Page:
Thoughts on Marriage Equality

Posted by Anthony.

No union is more profound than marriage, for it embodies the highest ideals of love, fidelity, devotion, sacrifice, and family. In forming a marital union, two people become something greater than once they were. As some of the petitioners in these cases demonstrate, marriage embodies a love that may endure even past death. It would misunderstand these men and women to say they disrespect the idea of marriage. Their plea is that they do respect it, respect it so deeply that they seek to find its fulfillment for themselves. Their hope is not to be condemned to live in loneliness, excluded from one of civilization's oldest institutions. They ask for equal dignity in the eyes of the law. The Constitution grants them that right.

When I woke up on Friday morning, I mostly expected that it would be just another day.

I knew there were still several important Supreme Court decisions to be handed down before the end of the term, and that one of them might have a profound impact on my family and its future. I also knew that it was June 26 and that the Supreme Court has a recent history of handing down landmark decisions on the rights of LGBTQ people on that day.

So, I was hoping that the Court might continue that pattern, but I wasn’t holding my breath. As a casual spectator of the Supreme Court, I know better than to try to understand its inner workings or seemingly random scheduling.

When my phone buzzed as I was making breakfast, I assumed it was a weather advisory about the heat wave we’re currently experiencing. Instead, it was a headline telling me that same-sex marriage had just been declared legal in all 50 states. I rushed back to our bedroom to wake Kirk up and, as he stared bleary-eyed at me, I said, “Happy marriage equality day,” and showed him the headline on my phone.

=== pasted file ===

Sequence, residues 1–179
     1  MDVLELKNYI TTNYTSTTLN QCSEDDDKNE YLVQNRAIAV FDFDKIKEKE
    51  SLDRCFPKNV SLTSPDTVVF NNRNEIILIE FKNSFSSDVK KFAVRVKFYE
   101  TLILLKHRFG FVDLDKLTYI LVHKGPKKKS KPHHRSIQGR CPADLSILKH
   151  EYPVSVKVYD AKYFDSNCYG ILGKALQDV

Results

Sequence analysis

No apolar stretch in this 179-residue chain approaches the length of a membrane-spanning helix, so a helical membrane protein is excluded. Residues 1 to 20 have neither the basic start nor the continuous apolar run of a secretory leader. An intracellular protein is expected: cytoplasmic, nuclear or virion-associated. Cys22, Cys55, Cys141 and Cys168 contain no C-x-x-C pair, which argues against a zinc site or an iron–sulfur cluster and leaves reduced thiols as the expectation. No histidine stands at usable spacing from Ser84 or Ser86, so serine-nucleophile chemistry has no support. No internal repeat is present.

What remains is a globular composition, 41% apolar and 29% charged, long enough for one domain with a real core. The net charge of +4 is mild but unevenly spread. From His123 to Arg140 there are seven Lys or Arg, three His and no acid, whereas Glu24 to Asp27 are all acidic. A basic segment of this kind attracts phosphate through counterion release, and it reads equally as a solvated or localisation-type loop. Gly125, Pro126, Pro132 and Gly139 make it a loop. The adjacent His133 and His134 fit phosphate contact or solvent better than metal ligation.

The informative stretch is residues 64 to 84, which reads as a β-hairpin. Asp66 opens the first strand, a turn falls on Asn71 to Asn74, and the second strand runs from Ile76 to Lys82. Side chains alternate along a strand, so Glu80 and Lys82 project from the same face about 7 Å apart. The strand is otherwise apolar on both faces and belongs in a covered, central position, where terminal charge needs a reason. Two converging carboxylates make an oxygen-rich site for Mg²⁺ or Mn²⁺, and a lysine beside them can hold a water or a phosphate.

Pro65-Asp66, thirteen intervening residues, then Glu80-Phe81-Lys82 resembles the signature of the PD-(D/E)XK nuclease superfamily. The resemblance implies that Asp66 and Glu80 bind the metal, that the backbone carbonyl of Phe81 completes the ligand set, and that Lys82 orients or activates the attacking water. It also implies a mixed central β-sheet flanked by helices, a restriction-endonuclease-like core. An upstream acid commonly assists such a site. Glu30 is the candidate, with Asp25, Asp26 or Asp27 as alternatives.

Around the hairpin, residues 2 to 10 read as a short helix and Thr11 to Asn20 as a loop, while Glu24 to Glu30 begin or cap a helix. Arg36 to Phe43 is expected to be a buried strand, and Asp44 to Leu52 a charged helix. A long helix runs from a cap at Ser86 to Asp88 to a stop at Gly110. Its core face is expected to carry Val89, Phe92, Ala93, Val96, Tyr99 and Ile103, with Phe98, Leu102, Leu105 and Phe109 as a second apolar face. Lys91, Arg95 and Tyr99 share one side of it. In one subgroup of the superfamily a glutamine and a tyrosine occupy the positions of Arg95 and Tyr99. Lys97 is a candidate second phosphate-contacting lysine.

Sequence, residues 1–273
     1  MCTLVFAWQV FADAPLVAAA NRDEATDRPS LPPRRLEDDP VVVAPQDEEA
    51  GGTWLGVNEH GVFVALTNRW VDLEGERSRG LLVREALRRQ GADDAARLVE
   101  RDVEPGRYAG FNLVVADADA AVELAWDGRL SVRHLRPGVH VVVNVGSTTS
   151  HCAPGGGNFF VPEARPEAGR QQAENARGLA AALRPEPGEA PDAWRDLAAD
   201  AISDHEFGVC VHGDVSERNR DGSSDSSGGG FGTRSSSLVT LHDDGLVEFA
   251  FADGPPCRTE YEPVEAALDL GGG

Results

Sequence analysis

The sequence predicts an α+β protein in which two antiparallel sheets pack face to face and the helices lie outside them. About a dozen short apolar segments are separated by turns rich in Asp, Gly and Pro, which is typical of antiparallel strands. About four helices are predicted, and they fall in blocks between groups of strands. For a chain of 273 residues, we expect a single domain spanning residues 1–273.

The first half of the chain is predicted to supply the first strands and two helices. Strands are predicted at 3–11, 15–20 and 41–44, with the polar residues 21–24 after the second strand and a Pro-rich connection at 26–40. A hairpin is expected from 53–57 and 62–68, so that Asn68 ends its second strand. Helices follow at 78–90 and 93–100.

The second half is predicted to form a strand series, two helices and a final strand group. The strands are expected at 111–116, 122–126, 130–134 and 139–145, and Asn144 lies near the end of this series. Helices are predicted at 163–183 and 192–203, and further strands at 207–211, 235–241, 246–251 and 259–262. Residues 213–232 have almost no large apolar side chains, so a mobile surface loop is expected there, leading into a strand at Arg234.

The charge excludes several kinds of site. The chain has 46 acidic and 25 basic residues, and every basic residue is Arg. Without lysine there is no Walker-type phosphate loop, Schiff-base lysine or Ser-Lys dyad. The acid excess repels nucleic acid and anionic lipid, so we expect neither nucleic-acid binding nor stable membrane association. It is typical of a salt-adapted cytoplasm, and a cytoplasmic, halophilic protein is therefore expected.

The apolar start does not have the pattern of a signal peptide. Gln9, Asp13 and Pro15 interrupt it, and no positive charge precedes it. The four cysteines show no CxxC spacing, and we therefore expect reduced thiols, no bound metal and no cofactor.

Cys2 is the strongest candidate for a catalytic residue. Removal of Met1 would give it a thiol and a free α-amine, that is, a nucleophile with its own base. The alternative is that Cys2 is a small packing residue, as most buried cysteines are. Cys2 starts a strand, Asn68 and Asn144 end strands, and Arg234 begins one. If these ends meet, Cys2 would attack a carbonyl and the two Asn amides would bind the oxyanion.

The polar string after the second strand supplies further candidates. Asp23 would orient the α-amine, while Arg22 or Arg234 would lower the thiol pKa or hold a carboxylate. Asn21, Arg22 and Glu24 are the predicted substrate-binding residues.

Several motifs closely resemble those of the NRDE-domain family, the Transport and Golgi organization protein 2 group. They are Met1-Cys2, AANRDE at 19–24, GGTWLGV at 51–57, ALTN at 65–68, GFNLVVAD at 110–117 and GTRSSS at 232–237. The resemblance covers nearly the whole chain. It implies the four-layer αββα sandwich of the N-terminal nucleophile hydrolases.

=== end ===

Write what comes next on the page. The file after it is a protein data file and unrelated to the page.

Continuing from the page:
As details started to come in, we both became tearful with the realization that our marriage was now considered valid everywhere in the country. And, more so, that our children would grow up in a country that simply recognized marriage as a bond between two people who love each other and who vow to support and care for each other. That they would not know the difference between “gay” marriage and “straight” marriage, because for them there would only ever be marriage, no modifier.

Indeed, Justice Kennedy made the needs and rights of children with same-sex parents one of the central pillars of the majority opinion. He wrote, “Without the recognition, stability, and predictability marriage offers, children suffer the stigma of knowing their families are somehow lesser.” By declaring same-sex marriage legal and on equal footing with opposite-sex marriage, the Court has acknowledged the dignity and importance of all families.

Friday, June 26, 2015 was a good day. Our nation’s union became more perfect that day. But the struggle continues. There are still far too many states where LGBTQ people do not have basic civil rights protections. This means that, although they can marry whomever they love, they could be fired from their job or denied housing because of it.

But it was still a day to celebrate and to reaffirm our belief as a nation that all people are created equal. I hope that the rapid pace of progress towards full equality for all Americans will continue to accelerate as it has in the past several decades and that we will be able to truly live out that belief in equality for all.

Header image by UpstateNYer (Own work) [CC BY-SA 3.0], via Wikimedia Commons